But I am saying this: Don’t be a cool artistic girl of Instagram. Close the curtains and be an uncool artist in the dark instead. Because the real beauty of this world is all mixed in with the grime and the roughness and the mud and the bad headaches. You could leave the curtains open and you might still create something worthwhile, but it would invariably embody the false cheer of the wider culture: light and pretty, uplifting and sweet, all forced smiles packed full of bleached white teeth. Have you listened to Taylor Swift’s latest album? Do you want your art to be piped full of escapist buttercream fluff, only to feel slightly constipated and insincere underneath it all? Or do you want your art to dig into the meat of a lived life, which includes the heartbreak and the stillness and the anguish of refusing to look away from the ugly, gorgeous, ragged truth?

Look at Lorde instead: Even when she writes about partying, she can’t leave out the part where the car crashes and everyone is smeared across the road. Even when she writes about getting high, she asks, “But what will we do when we’re sober?” Even when she writes about being in love, she admits that she’s afraid that she’s too much for anyone to love her completely. My point is not that Lorde is a better human or better artist than Taylor Swift. I think they’re both pretty goddamn impressive. (Okay fine you know I prefer Lorde, but this isn’t a competition!) My point is that an artist who is completely upfront and frank about her conflicted state tends to speak to us more directly than one who wants to convince us that she is cooler than she really feels at any given moment. Taylor Swift will find her path, but she’s going to have to dig deeper and be more honest with herself and close the goddamn curtains in order to get there. Her latest album is all about reacting to what other people think of her, and then trying hard to make that reaction sound triumphant and powerful. You can make great art out of that kind of reactive rage, but you have to be painfully honest about how conflicted you are. (See also: Dry, Lemonade, My Beautiful Dark Twisted Fantasy, Damn).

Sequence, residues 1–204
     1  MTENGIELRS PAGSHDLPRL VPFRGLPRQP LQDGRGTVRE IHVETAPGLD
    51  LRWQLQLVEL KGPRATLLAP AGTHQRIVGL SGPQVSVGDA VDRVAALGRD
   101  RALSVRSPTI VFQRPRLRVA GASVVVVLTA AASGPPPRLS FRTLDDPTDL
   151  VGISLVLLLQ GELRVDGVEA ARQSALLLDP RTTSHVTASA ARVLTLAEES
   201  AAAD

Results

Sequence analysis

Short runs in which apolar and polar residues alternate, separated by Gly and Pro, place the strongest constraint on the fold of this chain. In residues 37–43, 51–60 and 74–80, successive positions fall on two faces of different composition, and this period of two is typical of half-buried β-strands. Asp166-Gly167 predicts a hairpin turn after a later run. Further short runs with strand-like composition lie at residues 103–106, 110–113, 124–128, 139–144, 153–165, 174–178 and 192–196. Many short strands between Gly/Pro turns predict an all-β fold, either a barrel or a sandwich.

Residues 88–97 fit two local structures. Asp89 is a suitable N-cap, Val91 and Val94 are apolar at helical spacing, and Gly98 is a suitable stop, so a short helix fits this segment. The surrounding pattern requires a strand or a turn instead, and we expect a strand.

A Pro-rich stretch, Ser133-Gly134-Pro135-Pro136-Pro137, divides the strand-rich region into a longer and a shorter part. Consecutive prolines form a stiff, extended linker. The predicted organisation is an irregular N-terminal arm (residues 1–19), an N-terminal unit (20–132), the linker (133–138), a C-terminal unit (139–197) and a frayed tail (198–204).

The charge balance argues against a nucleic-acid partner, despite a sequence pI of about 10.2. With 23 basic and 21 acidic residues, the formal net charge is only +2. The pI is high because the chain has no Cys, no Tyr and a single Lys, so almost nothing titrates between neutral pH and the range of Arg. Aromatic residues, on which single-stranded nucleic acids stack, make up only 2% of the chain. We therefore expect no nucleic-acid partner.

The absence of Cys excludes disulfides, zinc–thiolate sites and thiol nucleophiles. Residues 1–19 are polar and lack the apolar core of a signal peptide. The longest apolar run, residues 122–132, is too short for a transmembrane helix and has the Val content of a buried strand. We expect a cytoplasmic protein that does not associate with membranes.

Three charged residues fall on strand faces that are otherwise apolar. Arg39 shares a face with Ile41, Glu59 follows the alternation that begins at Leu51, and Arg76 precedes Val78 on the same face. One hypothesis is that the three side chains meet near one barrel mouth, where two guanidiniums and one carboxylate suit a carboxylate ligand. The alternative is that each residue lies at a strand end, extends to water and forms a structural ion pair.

Likewise, the cool girls of Instagram can get a quick fix by showing us the most beautiful angles on their lives, but true bravery and lasting art spring from the ability to show the whole picture without making us turn away. Seduction and glory are still in the mix! Romance and horror, joy and rage, are dancing cheek to cheek. You don’t have to go goth or become fucking Banksy to tell the whole truth and make it intoxicating.